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State to act on minority cultures

Friday March 5 2010

By SAMWEL KUMBA

The Government is soon to research and document the rich histories and cultures, including the languages, of Kenya’s vulnerable communities for future posterity, the Saturday Nation has learnt. The decision has been made after realising that the languages are rich in idiomatic expressions, and that phobic communication may soon disappear.

National Heritage and Culture permanent secretary Jacob ole Miaron says the traditions are rich in oral history, poetry and narratives. “That gives a critical reflection of the people’s morals, migration and ethnic identity, as well as provides an avenue of communicating the rich cultural practices and cements communal unity,” says Dr Miaron.

There are over 70 ethnic communities in Kenya, and just like the figure on the population, this is based on tribes, which are mainly based on languages, and is not reliable. One reason for the uncertainty in this figure is that some ethnic groups are seen as sub-tribes and others as “main”. Based on this theory, it is said that Kenya has 42 tribes.

The Rendille, Orma, Boran and Gabbra are sometimes seen as a single tribe — the Oromo — while the Kalenjin compromise of seven tribes — Tugen, Marakwet (Merkwet), Sebeei (Elgon Kalenjin), Pokot, Kipsigis, Nandi and Keiyo. The Luhyia are said to have 21 dialects.

Of concern, however, is the realisation that some tribes are disappearing across the country, and debate is raging as to if this is anything that should overly worry the government. In fact, opinion is divided on whether or not tribes and, therefore, languages, especially those that are threatened with extinction, should be preserved.

All the same, the department of culture has committed itself to ensuring that Kenya’s indigenous languages and oral traditions are preserved and developed, and those threatened with extinction revived. The ministry recognises that when a language is extinct and has no documentation, it cannot be revived, but that the endangered languages can be revived.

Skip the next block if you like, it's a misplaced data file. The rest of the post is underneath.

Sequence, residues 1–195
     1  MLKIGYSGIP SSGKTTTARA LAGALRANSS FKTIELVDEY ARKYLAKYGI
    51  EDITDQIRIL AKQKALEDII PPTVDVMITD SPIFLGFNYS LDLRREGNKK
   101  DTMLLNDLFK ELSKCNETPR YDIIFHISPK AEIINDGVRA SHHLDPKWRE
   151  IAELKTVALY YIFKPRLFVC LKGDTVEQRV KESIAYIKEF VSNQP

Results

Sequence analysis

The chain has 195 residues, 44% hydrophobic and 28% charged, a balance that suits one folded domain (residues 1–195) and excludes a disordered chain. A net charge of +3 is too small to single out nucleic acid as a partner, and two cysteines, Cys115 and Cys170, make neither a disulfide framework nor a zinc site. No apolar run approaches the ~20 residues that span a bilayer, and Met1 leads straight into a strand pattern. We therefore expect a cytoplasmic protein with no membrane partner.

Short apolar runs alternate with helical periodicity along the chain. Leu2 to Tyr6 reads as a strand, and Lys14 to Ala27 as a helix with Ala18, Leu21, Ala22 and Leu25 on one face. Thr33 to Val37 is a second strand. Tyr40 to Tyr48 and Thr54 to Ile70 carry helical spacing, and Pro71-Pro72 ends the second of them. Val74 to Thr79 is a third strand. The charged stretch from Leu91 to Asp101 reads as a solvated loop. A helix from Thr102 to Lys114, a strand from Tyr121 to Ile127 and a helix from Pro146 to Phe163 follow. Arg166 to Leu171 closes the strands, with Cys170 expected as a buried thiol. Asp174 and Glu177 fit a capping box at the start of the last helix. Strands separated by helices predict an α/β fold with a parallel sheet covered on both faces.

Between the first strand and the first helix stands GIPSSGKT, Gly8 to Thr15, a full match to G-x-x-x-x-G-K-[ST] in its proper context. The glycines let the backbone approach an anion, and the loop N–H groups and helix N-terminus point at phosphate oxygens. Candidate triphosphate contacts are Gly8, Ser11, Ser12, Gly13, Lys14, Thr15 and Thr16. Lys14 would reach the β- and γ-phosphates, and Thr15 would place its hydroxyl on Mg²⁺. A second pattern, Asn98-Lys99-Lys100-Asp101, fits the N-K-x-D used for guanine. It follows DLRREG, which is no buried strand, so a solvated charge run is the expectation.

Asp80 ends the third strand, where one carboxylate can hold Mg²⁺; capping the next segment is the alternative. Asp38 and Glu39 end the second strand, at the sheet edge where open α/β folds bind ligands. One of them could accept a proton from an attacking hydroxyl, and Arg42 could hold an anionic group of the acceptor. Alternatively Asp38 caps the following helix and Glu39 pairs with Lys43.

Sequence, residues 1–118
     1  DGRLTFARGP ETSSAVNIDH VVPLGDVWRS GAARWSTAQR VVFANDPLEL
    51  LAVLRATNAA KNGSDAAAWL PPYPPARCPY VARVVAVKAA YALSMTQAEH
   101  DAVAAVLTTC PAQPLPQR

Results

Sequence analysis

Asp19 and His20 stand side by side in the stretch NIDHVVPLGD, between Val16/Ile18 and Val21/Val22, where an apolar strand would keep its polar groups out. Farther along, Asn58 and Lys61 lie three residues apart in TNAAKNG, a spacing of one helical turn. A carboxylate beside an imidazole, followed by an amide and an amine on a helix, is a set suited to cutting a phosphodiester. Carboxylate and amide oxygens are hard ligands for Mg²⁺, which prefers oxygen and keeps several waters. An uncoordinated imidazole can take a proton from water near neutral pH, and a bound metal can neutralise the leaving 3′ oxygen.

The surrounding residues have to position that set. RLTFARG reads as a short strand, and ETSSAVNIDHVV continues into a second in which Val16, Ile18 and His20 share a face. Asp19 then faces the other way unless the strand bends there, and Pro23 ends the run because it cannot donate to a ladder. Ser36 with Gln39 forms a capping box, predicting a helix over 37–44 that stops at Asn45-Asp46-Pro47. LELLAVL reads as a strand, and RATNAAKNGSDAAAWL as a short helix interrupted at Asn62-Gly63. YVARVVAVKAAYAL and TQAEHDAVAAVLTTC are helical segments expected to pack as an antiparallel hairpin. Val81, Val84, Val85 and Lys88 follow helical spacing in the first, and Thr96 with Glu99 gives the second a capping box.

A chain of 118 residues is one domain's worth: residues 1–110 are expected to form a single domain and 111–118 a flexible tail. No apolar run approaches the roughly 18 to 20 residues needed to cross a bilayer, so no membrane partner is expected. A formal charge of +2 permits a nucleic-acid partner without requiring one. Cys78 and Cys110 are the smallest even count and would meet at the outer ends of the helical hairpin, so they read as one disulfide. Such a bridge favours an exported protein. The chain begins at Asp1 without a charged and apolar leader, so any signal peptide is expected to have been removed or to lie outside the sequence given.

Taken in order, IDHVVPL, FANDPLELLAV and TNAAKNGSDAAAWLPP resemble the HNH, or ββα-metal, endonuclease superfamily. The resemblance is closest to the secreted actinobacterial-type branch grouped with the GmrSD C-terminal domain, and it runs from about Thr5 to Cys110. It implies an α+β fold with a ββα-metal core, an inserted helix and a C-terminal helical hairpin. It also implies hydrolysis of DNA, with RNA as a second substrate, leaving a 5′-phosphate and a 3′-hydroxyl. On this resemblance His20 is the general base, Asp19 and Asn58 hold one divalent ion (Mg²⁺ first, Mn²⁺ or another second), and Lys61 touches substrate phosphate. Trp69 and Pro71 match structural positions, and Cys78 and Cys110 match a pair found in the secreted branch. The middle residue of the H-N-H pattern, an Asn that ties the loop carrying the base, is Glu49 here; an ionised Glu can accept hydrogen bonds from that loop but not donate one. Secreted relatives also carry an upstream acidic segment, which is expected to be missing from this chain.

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“To safeguard a language from being endangered it is important to create favourable conditions for its speakers to, on their part, teach it to their children,” says the PS. History professor Godfrey Muriuki of the University of Nairobi says that if a tribe disappears, the country loses that language and, by extension, a whole culture.

But University of Nairobi literature lecturer Tom Odhiambo argues that the fear to let a language die could be driven by the feeling that, with some minority tribes disappearing, it will be difficult for the larger tribes to find someone to feel superior to.

According to him, disappearing tribes should be left to die. “If the clan is getting extinct, and many of us don’t even know the word for family in our mother tongues, why are we so worried about tribes getting extinct?” he wonders. “ Isn’t the disappearing of tribes the way to end tribalism in this country?” And a research fellow and the Institute of Anthropology, Gender and African Studies at the university, Dr Denis Khamati Shilabukha, differs, and argues that it is the politicians who give ethnic identity a negative tag.

“In fact, the concept of tribe is politically negative,” he says. Why should we let some groups, especially the larger two — Kikuyu and Luo) survive as the minority ones die off?” he wonders. According to him, the minority groups also have something to contribute to Kenyans’ and Africans’ collective being.

“For me ‘modern’ is euphemism for linguistic, urban market and industrial hegemony of the larger groups. We should encourage cultural diversity,” he says. Prof Muriuki weighs in: “The key thing is, however, for us to accept that we have negative ethnicity and clearly think of a way out. Unfortunately, we are currently sweeping the whole problem under the carpet.”

The historian, nevertheless, confirms that inter-marriage would lessen the negative ethnicity, although it would take some time “because events of 2007/8 took us decades back”. Centre for Multiparty Democracy programmes officer for Kenya Omweri Angima terms it selfish to say that tribes threatened with extinction should be left to disappear as “this tendency can polarise society”. He argues that all Kenyans deserve equal treatment.